I’ll admit shamefully to being AWOL from the internet for the last couple of weeks. Oh sure, there was a witty tweet here or there, but I just didn’t have it in me to sit down and converse with my friends on Critique Circle or post on Facebook or even update my GoFundMe supporters. I thought it was a lack of creative juices flowing. Then I thought to myself, No, if that were the case I would make something explode and everything would be back to normal. I pondered that perhaps it was partially due to participating too much at work (ha-ha! Alliterations!) but then during Christmas I worked plenty, and still managed a post here and there.
Why I wasn’t immediately able to identify it as a mental issue brought about by chronic pain is beyond me. You’d think by now I would instantly understand that chronic pain, and indeed any chronic condition has this inherent ability to burrow itself into your psyche and lay waste to what was once a fruitful and thriving land of social norms. Chronic pain is like an agricultural bacteria that eats away at the crops you spend weeks and months cultivating, leaving you with a wasteland. You don’t want to do the things you love, you don’t want to be healthy, to exercise. You don’t want to talk to friends or be social. You just want to curl up and sleep because at least in sleep you might be able to escape the pain for a few hours, and during that time your brain has a chance to sow new seeds and tend to them.
I let my crops rot in the ground over the last month or so, and I’m not certain why. It was certainly an unwilling choice on my part.
Then again, I always have theories. Some of them even make sense. For one thing, work has been busy and, for whatever reason, people have generally been unpleasant to deal with. I had a gentleman from Manitoba tell me what was wrong with Alberta’s politics just the other day. The irony was palpable; the self-awareness was not. Angry people drain me. They’re like a blistering sun, a thicker, summer heat that dries out the land. Angry people, unfortunately, tend to wear on my mental crops.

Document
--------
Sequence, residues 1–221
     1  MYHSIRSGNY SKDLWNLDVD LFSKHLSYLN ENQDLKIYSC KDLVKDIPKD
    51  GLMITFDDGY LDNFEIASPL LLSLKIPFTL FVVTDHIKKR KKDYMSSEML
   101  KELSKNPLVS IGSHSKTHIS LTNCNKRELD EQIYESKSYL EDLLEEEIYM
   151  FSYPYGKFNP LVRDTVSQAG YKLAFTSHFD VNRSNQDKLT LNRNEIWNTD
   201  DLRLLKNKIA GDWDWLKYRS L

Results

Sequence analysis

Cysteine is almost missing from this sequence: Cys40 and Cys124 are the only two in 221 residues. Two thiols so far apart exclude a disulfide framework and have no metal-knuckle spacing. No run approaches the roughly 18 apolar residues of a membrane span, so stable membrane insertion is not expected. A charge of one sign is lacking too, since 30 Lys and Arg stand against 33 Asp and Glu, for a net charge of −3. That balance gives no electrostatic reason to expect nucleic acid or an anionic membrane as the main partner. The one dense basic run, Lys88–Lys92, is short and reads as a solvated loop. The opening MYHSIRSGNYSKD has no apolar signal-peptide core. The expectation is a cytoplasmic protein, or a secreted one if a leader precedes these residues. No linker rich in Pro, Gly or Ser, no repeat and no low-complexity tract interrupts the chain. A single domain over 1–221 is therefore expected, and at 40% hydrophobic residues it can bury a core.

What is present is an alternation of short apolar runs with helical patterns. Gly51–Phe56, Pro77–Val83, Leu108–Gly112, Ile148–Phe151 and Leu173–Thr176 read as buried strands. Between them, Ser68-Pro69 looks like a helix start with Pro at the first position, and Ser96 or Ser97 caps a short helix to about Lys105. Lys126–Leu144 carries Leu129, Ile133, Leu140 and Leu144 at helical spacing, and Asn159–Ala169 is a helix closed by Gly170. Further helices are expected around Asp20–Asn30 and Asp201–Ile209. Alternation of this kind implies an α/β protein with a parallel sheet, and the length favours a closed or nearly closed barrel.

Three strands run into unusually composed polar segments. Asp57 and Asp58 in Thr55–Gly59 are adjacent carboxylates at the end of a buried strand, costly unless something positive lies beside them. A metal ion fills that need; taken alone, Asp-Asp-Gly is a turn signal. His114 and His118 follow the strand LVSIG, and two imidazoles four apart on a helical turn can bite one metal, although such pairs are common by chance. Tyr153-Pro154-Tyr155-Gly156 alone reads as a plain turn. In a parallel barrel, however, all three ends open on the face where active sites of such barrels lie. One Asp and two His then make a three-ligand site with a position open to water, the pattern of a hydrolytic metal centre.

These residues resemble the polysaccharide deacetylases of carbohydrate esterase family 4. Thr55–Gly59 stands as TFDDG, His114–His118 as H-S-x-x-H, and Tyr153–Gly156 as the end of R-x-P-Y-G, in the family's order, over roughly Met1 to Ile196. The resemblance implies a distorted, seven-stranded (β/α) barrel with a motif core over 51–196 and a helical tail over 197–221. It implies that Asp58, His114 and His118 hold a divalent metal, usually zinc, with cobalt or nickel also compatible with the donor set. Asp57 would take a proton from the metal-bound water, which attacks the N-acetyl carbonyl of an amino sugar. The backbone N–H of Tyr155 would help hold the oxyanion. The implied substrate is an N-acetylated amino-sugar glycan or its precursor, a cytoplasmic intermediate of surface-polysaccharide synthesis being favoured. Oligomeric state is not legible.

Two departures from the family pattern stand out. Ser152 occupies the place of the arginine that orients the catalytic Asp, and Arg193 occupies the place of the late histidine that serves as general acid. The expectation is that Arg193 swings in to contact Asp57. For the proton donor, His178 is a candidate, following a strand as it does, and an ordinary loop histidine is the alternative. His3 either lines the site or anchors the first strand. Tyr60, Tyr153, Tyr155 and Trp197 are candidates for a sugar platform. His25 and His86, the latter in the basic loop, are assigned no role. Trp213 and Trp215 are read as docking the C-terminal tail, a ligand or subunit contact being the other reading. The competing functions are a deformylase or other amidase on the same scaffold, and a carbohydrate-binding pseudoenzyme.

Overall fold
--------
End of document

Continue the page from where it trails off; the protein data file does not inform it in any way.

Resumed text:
But I can deal with the angry people, usually with ridiculous cheeriness. So it couldn’t be them. Not really.
It could be, in all likelihood, pain. Because over the last month or so it has been bad. Despite the glory that is my Cymbalta, I’ve felt twinges of familiar nerve pain begin where my spine is pinching and grinding and generally being unpleasant. The arthritis is acting up, to the point where even wearing some pants put too much pressure on the bones, creates noticeable pain. Too much of it, in fact. I do strengthening exercises; I try to be aware of my posture. Shoulders back, stand up tall. It only hurts more. No excuse, you keep trying because if you stop then the pain wins, and you need to at least feel like you are fighting against it. Sometimes I’d like to let the pain win, but then I wouldn’t be me. That thought is almost as exhausting as the pain itself.
Maybe it isn’t pain. Maybe it is the stagnation of creativity that I’ve been battling since I sent my manuscript to the editor. There have been days when I’ve wanted to reread it, to go over sections, just to remind myself of the tiny details, but I resist. This should, theoretically, be the last week that she has it (unless it needs more work), which means soon enough I’ll have it back and can begin plugging away on the changes that I need to make for it to be presentable to the rest of the world. Easy enough, I suppose. In the meantime I’ve been thinking about book 2, doing research and the like. I fell into a crevasse with it, realizing that something I wanted to pursue, a plot point, just wasn’t realistic. That sent me into a tailspin, trying to come up with a better alternative while still maintaining the character development that needs to happen. I went out and bought myself a notebook that has space kittens on it. That is, kittens in space. It is my idea book where I’ll do my damned best to work through some of these ideas and try to find a more reasonable solution. Normally it is easy for me. Normally I get an earworm that whispers mystical secrets about the universe and also about my narrative, and that is that. A solution. Done.
Not this time. Do I keep this character or that? How does that person die? How will that person live? Explosions or viruses? How much trauma is too much? That last point, at the very least, I’ve managed to, not master per say, but understand efficiently enough that the whole narrative doesn’t seem campy. Still, it feels like stagnation. Creativity at a standstill.
It is an ironic sort of cycle. I use writing to help with the pain, but what if the pain is too distracting to allow me to write? What do I do then?